How the Mind Works
"A model of scientific writing: erudite, witty, and clear." —New York Review of Books
In this Pulitzer Prize finalist and national bestseller, one of the world's leading cognitive scientists tackles the workings of the human mind. What makes us rational—and why are we so often irrational? How do we see in three dimensions? What makes us happy, afraid, angry, disgusted, or sexually aroused? Why do we fall in love? And how do we grapple with the imponderables of morality, religion, and consciousness? How the Mind Works synthesizes the most satisfying explanations of our mental life from cognitive science, evolutionary biology, and other fields to explain what the mind is, how it evolved, and how it allows us to see, think, feel, laugh, interact, enjoy the arts, and contemplate the mysteries of life.
This edition of Pinker's bold and buoyant classic is updated with a new foreword by the author.
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I will try to explain what the mind is, where it came from, and how it lets us see,
think, feel, interact, and pursue higher callings like art, religion, and philosophy.
On the way I will try to throw light on distinctively human quirks. Why do memories
To explain how birds fly, we invoke principles of lift and drag and fluid mechanics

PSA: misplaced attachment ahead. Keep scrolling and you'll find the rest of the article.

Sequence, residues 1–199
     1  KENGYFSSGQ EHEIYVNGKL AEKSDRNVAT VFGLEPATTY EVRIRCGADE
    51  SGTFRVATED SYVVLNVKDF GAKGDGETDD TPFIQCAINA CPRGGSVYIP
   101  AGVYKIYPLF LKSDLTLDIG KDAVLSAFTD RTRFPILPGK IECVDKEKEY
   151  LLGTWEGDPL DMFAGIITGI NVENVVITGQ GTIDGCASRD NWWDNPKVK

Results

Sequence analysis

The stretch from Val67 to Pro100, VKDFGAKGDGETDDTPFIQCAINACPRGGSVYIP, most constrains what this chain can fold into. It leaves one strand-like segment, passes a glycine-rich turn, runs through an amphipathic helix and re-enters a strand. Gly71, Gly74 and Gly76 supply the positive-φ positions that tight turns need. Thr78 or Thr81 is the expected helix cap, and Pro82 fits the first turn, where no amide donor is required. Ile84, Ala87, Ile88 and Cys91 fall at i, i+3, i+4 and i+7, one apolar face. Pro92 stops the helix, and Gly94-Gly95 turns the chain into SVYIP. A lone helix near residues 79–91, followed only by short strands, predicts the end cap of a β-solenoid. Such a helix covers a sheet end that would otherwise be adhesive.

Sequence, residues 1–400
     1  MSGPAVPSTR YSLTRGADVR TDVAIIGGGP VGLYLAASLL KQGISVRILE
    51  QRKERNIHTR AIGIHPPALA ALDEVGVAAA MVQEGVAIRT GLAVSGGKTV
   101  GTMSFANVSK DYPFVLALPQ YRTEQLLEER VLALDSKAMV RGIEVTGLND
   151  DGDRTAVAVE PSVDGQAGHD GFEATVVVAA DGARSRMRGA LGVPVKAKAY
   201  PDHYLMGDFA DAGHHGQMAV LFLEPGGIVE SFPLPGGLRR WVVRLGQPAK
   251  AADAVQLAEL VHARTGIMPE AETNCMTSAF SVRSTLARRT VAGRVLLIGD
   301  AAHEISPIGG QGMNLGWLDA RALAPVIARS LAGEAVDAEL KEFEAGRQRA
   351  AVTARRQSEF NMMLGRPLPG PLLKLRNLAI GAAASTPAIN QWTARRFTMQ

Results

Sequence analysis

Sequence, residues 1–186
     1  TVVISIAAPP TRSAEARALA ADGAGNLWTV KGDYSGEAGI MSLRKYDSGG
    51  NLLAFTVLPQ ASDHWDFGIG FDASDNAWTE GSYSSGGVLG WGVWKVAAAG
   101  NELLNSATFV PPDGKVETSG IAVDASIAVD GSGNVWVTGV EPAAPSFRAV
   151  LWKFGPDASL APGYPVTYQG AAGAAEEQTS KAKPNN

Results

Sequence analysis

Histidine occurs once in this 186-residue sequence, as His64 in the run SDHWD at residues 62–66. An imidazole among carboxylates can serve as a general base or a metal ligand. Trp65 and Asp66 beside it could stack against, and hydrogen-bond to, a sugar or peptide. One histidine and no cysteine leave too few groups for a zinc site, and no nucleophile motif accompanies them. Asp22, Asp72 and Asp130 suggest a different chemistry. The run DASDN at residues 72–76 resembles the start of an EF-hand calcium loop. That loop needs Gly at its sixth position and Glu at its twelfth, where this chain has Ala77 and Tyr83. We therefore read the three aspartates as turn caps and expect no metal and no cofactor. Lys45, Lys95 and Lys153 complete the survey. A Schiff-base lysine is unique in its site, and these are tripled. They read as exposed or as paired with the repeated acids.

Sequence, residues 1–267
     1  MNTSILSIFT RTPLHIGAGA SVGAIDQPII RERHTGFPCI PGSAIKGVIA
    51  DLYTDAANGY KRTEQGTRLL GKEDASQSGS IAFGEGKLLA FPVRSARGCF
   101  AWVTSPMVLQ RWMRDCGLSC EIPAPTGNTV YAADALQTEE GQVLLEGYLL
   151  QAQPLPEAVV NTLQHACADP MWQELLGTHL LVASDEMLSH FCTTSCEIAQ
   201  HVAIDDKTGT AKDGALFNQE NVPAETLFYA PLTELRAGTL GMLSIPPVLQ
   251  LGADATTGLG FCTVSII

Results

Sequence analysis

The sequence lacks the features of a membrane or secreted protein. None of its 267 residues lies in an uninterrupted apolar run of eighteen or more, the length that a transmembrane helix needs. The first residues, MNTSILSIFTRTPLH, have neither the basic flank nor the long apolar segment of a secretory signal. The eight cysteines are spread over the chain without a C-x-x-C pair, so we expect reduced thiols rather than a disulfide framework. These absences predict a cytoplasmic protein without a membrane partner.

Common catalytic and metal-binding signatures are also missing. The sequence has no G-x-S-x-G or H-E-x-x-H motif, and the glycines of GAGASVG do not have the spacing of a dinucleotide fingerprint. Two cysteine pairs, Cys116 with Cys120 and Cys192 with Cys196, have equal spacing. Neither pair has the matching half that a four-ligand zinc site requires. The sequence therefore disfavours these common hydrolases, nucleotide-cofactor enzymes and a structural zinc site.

that also explain how airplanes fly. That does not commit us to an Airplane
Metaphor for birds, complete with jet engines and complimentary beverage
Second, even if the facts had been established, the stories try to explain one
puzzling fact by taking for granted some other fact that is just as much of a puzzle,
getting us nowhere. Why do rhythmic noises bring a community together? Why
Of course, something about the tissue in the human brain is necessary for our
intelligence, but the physical properties are not sufficient, just as the physical
properties of bricks are not sufficient to explain architecture and the physical
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What people are saying - Write a review
LibraryThing ReviewUser Review - SpaceyAcey - LibraryThing
Pinker explains the computational theory of the mind in easy to understand prose for the layman. It's not all literature summarizing, he also inserts some of his own ideas on all sorts of topics ... Read full review
LibraryThing ReviewUser Review - raschneid - LibraryThing
Very interesting, well-written, and comprehensive. I appreciated the overview of both computational and evolutionary psychology in one tome of a book; computational psychology is pretty much awesome ... Read full review